Family of fallen Capitol Police officer Brian Sicknick slams GOP lawmakers who blocked Jan. 6 commission as 'not backing the blue'May 29, 2021
- Brian Sicknick’s family expressed disappointment with Senate GOP opposition to a Jan. 6 commission.
- “Clearly, they’re not backing the blue … This cannot happen again,” Sandra Garza told CNN.
- Officer Sicknick suffered two strokes and passed away on Jan. 7, a day after the riot.
- See more stories on Insider’s business page.
The family of fallen Capitol Police officer Brian Sicknick expressed disappointment at Senate Republicans who on Friday blocked a bill from advancing that would have created a commission to investigate the January 6 insurrection.
During a CNN interview with anchor Jake Tapper, Brian’s mother, Gladys Sicknick, and his partner Sandra Garza said that after meeting with several GOP senators on Thursday, they held out hope that they could convince senators who were opposed to the commission to change their minds.
Gladys Sicknick said that the eventual outcome wasn’t totally shocking to her.
“They went through their motions, but you can tell that underneath they were being nice to us,” Gladys Sicknick told Tapper of her meetings on Thursday. “If they had a child that was hurt or killed on a day like that, they would think very differently. One of the congressmen could have been killed. Apparently, they think … ‘Well we’re safe because of the men in blue.'”
Officer Sicknick suffered two strokes and passed away on January 7, a day after fighting back rioters at the Capitol. The Washington, DC, chief medical examiner ruled that he died of natural causes.
Garza said that the pro-law enforcement rhetoric from opponents of the commission are “all talk and no action.”
“It speaks volumes to how they really feel, not only about the events of that day, but speaking volumes to their constituents and how much they really care,” she said. “It’s not just our pleas about how we felt about Brian and his brothers and sisters and blue, but also the safety of them and everyone else that was in the Capitol that day.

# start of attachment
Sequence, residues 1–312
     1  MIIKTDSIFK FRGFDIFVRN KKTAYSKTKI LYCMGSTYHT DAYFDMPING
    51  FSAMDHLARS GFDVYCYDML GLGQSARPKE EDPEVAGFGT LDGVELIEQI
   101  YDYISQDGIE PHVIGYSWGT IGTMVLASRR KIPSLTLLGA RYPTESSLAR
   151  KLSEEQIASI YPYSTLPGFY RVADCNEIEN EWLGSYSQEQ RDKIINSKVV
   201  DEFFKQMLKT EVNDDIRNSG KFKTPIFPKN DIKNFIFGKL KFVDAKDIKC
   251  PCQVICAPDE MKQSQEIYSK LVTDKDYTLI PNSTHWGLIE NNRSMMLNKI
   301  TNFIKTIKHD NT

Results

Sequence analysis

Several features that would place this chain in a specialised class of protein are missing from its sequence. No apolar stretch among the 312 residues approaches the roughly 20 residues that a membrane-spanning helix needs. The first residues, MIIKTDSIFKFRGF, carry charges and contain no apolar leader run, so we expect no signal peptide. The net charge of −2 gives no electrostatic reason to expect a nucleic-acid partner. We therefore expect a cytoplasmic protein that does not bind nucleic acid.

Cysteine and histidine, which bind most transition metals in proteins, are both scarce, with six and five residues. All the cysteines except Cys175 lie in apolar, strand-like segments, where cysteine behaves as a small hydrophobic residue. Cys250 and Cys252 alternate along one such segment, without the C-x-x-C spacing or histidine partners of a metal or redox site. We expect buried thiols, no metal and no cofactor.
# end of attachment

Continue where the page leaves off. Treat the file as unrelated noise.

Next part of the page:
She added: “Clearly, they’re not backing the blue … This cannot happen again. It cannot. For them to vote no, it’s not protecting law enforcement, and more importantly, it’s not protecting our democracy.”
Read more: Democrats are already plotting political revenge for Republicans blocking the January 6 commission
Gladys Sicknick, Garza, Capitol Police Officer Harry Dunn, and DC Metropolitan Police Officer Michael Fanone on Thursday met with over a dozen Republican senators after initially requesting meetings with all 50 GOP senators.
“They were very charming, they knew what they were doing, they knew how to talk to us, but we kind of held back,” Gladys Sicknick said. “It was just … it was tense.”
A motion to invoke cloture and advance the bill was defeated in a 54-35 vote, receiving the support of all present Democrats and six Republicans but failing to meet the 60-vote threshold to overcome a legislative filibuster.
Sens. Susan Collins of Maine, Bill Cassidy of Louisiana, Lisa Murkowski of Alaska, Mitt Romney of Utah, Ben Sasse of Nebraska, and Rob Portman of Ohio were the only Republicans to vote in favor of moving to debate on the bill.
Gladys Sicknick expressed hope that some of the GOP senators shifted their position because of their meetings.
“Maybe we changed their minds,” she said. “That would be great.”
Garza said many of the Republicans said they would reject the commission because it would be “partisan,” despite the legislation calling for an evenly split committee, with five members selected by congressional Democratic leaders and the other five members picked by GOP leaders.
“Well you know, that’s baloney,” she said. “I think they just don’t want to do the right thing. I think what you’re seeing is elitism at its finest.”
Still, Garza appeared upbeat about lawmakers continuing to push for answers to January 6.
“I’m hopeful at least they’ll be able to reflect on some of what we said as the days go on, and they’ll be able to start to get the ball rolling now.”
Gladys Sicknick, in seeking answers for her son, reflected on his valiance that day.
“I said this morning, I said I can’t believe I have a child that’s going to be in the history books for all the wrong reasons,” she said. “Because he was such a good person, and he was so good at his job. And he was texting all his buddies to see if they were ok on that day, while he was fighting for four-plus hours without any help.”
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